Warfare of the Greek World- Part1

On this article on my blog, it is once again about historical warfare once again showing my military sketches throughout history. This time, the focus will be on Ancient Greece and the warfare of the Greek world; armor sets and weaponry. This topic on Ancient Greece focuses mainly on the warfare on ancient Greece and the city-states. (next one about the Greek world empires)!!

map of Greek city-states
Map of Greek city-states

th-1In the time of Classical Greece, Greece itself was not a full united kingdom or empire but several city-states, some ruled by a king, some a democracy. The well known city states of Greece (if you can see the names on the map above) include Athens, Sparta, Corinth, Thebes, Thessaly, and Epirus. Each of them had a different government, different way of life such as enlightenment in Athens and warfare in Sparta, and of course each had different armies. Armies of Ancient Greece, no matter from which city state somewhat looked the same, though to tell their difference, their colors were sometimes different, some city-states had different army units or different types of weapons, and the symbols on the soldiers’ round shields were different showing symbols of different city-states. For example, Athens used the owl symbol (for Athena), while Sparta used the lambda (^) symbol, and Macedonia together with other Greek cities used the vergina sun symbol. The Greek islands however were not counted as full city states but colonies or alliances to them especially when city-states of mainland Greece are at war. The city-states became united under one empire when the Macedonians took them over in the 4th century BC, afterwards the Greek army fought at their side.

I. Greek land Warfare (Hoplites)

sketch of Greek Hoplites in battle
Sketch of Greek Hoplites in battle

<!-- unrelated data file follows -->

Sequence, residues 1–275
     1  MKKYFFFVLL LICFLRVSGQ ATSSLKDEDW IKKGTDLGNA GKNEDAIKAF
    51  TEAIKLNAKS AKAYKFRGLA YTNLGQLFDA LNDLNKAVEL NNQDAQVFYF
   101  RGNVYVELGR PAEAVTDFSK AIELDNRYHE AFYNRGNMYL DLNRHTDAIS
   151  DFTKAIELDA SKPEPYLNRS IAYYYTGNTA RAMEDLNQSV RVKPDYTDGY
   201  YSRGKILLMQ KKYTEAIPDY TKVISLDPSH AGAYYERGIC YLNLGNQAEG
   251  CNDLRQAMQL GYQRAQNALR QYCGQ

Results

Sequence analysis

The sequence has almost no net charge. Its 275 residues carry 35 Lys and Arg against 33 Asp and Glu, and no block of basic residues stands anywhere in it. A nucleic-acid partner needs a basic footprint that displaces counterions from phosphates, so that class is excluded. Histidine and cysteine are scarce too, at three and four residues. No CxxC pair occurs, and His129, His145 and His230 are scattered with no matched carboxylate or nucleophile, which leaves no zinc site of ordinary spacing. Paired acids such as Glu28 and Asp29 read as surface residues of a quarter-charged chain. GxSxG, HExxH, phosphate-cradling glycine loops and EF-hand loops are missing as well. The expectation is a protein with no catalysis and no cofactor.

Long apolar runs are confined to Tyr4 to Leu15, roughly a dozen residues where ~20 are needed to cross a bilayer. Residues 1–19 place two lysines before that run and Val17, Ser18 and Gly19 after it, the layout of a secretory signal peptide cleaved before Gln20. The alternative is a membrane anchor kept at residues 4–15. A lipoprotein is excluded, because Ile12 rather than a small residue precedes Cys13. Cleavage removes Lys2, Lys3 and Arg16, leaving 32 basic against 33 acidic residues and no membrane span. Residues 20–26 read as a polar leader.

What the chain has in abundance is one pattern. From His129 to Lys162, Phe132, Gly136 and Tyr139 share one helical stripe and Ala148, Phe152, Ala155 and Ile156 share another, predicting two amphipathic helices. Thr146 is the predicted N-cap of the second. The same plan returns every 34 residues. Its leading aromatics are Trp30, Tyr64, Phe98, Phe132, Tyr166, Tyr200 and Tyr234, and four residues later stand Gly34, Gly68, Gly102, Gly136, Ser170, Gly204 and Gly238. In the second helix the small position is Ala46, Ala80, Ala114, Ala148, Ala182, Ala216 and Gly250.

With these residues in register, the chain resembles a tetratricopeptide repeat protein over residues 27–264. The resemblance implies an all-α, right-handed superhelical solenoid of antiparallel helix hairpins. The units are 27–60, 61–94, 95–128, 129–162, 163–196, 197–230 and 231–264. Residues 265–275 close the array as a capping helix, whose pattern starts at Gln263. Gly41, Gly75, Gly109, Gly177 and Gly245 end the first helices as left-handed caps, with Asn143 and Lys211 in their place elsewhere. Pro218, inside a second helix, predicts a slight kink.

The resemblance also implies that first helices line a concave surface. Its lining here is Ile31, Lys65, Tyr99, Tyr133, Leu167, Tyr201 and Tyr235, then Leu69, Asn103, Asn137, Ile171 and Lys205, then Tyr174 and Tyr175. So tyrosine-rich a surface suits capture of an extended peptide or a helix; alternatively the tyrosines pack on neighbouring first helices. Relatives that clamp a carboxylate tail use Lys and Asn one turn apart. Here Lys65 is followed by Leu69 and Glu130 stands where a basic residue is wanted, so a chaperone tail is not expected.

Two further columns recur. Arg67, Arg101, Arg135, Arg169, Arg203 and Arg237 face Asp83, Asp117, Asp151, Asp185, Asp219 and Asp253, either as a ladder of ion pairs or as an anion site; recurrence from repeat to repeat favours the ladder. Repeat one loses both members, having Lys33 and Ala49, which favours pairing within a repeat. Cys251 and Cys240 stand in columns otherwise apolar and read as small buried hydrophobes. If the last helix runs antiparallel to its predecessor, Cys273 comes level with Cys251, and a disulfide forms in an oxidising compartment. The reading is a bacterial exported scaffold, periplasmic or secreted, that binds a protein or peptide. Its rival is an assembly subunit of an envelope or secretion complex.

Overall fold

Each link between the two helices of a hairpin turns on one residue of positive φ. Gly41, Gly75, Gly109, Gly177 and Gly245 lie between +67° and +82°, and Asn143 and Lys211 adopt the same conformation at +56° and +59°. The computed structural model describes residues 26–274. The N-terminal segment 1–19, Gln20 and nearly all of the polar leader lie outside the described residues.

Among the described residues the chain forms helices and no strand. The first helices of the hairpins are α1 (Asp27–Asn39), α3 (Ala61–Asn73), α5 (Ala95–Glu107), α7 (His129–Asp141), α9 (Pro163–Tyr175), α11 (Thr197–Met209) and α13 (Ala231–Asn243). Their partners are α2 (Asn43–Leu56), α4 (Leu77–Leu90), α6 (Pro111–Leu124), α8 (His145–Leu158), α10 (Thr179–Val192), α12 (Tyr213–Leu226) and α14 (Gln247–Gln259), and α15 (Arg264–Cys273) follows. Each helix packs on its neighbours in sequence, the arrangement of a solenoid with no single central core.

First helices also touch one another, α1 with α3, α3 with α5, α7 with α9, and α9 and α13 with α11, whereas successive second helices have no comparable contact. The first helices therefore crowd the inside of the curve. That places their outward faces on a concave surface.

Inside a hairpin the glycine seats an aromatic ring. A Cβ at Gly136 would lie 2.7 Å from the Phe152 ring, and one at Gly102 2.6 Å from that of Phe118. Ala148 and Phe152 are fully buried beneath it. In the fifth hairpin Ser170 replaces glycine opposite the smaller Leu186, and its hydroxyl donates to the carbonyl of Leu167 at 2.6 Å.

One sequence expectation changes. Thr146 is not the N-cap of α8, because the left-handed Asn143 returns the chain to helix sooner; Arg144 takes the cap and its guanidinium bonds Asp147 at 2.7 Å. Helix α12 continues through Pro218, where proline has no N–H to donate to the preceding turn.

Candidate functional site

Greek hoplites in phalanx formation
Greek hoplites in phalanx formation

The armies of Ancient Greece had many different battle units but had the same formations in battle. For the Ancient Greeks, fighting together side-by-side in the phalanx was an important part of Greek warfare. At the same time it was effective too, as Hoplites, the elite military force of ancient Greece fought together in different groups forming a square formation but each hoplite holding a spear for attack and a shield for defense. The hoplites were organized in different rows, the spears pointed strait at the front and going upwards at the back rows. It was effective in a way that the phalanx slowed down the enemies trapping them especially with the front row spears, which was used to hit the horses of enemy cavalry while the upper spears pointed towards the horseman. The use of the phalanx however could be hard especially when fighting another army with he same formations such as fighting other Greek hoplites (which happened in the Peloponnesian War, Sparta against Athens) though the phalanx was effective when fighting cavalry men or soldiers who did not use the phalanx such as the Persian armies (during the Greek-Persian Wars); the phalanx though was vulnerable to cavalry shock charges though the hoplites were quick in action to slow them down and sometimes easily wipe out enemy armies by simply using the spears. The Greek army was also made up of skirmishers, including archers, javelin men, slingers, and shock cavalry, however the fully-armored hoplites were the important lie of defense as the Greeks in battle took close combat more seriously.

2 types of Greek hoplites
2 types of Greek hoplites